daily. The bond market is highly volatile. How do you read the graphs so as to know if interest rates will have a spike downward or upward?
While looking at the 10 year price graph (the farthest one on the right), if the 10 year price has a massive swing upward from say 99 28/32 to 103 28/32, rates most likely will have a decrease from current levels. On a daily basis, California loan agents receive rate sheets from lenders (we work with over 400 lenders so they are plentiful).
If the bond market fluctuation merits an increase or decrease in the loan broker's yield spread premium (their rebate), it will in turn affect the interest rate that is quoted to a client, which in this example would be a lower rate. If the bond price doesn't have much of a fluctuation during a normal business day, the rate will not move. Every day, in the morning, rates are received in the office. If a price adjustment is required, the primary lenders will immediately issue an adjustment rate sheet to their broker partners.
As I've said, interest rates are set based on the yield in the bond market at any given time. Let's show an example. If, for example, a $100,000.00 bond falls in value to $95,000.00, the corresponding yield (return) is significantly higher. Because the yield is higher, the prevailing interest rate that is set for the mortgage must offset the higher yield and provide a return on the mortgage for the lending institution. With all things being equal, the rates on fixed rate mortgages would tend to rise.
Multiple Forces in The Economy
There are many factors influencing interest rates for your California home loan in the US economy. Higher interest rates can cause fluctuations in the stock market which in turn affects the bond market. In fact, the bond market and the stock market are opposite sides of the same coin. One can't move without the other. If the US Dollar rallies, bonds dip; when oil prices dip, bonds can as well. Generally speaking, when the bond market is up, the stock market is down. In addition, if economic news is worse or better than expected, it will cause a fluctuation in the US dollar currency pairs in the spot Foreign Exchange market (the FOREX), which can affect the bond market and in turn rates.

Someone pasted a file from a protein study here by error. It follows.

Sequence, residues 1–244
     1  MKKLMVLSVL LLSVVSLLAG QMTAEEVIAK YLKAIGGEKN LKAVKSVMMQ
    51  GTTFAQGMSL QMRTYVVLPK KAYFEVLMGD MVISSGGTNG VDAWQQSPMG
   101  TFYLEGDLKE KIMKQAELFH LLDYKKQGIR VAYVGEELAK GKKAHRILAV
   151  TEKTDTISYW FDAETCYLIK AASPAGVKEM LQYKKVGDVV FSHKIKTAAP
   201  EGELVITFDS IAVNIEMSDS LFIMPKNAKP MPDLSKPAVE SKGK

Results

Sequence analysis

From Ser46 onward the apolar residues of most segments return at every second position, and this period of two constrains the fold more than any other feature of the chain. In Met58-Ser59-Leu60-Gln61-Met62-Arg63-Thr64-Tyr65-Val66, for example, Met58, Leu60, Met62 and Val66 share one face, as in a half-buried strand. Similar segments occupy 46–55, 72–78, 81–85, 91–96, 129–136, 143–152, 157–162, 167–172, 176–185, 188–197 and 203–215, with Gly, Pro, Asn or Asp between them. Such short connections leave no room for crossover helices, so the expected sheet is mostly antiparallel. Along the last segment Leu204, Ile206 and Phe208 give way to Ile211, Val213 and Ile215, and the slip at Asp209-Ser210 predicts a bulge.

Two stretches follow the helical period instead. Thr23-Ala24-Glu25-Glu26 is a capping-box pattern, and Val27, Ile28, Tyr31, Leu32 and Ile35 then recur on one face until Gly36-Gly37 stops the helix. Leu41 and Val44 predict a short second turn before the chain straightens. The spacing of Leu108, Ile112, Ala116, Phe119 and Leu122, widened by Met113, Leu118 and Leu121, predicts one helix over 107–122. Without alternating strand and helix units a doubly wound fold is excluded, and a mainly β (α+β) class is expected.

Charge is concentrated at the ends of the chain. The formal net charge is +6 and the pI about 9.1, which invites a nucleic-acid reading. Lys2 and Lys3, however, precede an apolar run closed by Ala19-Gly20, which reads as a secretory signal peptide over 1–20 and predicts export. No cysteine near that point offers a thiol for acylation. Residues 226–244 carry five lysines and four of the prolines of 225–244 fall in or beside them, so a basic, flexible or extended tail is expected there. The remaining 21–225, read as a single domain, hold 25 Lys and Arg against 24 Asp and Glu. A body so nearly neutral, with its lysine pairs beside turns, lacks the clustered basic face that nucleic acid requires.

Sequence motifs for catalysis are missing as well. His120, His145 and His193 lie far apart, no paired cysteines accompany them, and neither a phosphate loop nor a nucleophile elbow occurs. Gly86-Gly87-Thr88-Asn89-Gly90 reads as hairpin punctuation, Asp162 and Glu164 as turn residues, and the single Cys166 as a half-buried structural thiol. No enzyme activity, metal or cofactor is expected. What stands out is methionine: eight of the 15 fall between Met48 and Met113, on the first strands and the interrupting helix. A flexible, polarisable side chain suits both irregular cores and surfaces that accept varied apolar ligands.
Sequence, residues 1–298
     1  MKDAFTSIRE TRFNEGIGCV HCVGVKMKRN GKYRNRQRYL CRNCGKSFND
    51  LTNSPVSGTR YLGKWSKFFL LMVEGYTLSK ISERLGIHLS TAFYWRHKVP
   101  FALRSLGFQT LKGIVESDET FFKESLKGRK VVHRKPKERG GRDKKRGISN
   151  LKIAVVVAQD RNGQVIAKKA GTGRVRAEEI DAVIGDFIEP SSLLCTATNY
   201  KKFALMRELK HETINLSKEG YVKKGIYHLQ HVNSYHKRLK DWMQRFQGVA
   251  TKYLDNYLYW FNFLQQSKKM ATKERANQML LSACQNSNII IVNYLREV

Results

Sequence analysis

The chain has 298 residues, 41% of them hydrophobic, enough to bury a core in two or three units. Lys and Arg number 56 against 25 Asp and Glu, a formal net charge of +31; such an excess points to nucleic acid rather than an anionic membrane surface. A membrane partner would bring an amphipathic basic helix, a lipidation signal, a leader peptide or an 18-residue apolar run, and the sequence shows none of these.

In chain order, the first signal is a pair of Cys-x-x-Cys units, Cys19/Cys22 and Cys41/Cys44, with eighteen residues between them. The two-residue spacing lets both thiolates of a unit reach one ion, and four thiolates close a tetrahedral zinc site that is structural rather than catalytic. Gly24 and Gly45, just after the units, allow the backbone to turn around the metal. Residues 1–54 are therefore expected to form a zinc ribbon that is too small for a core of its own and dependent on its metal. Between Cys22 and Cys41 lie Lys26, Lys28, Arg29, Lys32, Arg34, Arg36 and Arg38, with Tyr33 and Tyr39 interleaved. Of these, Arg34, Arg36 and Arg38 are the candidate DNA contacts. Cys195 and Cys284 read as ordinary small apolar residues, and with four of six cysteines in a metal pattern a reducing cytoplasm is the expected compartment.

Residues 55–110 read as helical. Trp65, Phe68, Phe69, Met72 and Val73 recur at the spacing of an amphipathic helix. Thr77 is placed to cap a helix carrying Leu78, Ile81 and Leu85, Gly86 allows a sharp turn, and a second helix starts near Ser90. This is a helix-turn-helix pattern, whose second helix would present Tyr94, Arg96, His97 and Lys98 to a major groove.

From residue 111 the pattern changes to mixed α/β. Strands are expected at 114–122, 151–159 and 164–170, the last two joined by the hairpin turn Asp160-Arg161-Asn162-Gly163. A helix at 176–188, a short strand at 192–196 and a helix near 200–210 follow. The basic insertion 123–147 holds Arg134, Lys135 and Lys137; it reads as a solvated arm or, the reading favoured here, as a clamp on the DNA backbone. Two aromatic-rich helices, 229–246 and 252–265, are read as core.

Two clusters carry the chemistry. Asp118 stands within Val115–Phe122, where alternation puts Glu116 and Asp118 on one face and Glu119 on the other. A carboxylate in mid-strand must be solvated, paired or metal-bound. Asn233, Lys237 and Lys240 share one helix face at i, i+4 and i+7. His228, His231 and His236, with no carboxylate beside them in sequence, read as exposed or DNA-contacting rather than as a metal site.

A quick example. A couple of weeks ago from this writing, the US New Jobs report was projected at 350,000 -- it only came in at 10% of that or 35,000. Once the report was announced, literally IMMEDIATELY the GBP/USD currency pair (Great British Pound and US Dollar) spiked upward. The GBP dramatically increased in strength with the US Dollar becoming weaker. One trader I know literally made $3,500 in five minutes as he projected the claims to be much less than expected.
Also, interest rates dropped that day due to the lackluster jobs report. Coming into the office that day, a wise loan agent would have locked some loans or at the least knew interest rates would had gone down that day. Truly, the US economy is a highly interdependent organism that is very fluid and dynamic -- it is never static or motionless. Some of the key economic indicators that affect the economy, and in turn interest rates, are:
Durable Goods Orders
New Home Sales
US Trade Balance
Weekly Initial Jobless Claims
Fed Chairman Greenspan Speech Before Congress
The key economic indicators that can affect the bond market with corresponding fluctuations are:
There you have it. There are many forces at work in determining what your rate is on any given day. So the next time you ask a loan agent, "what are rates like today?" You'll see there's a lot behind it.
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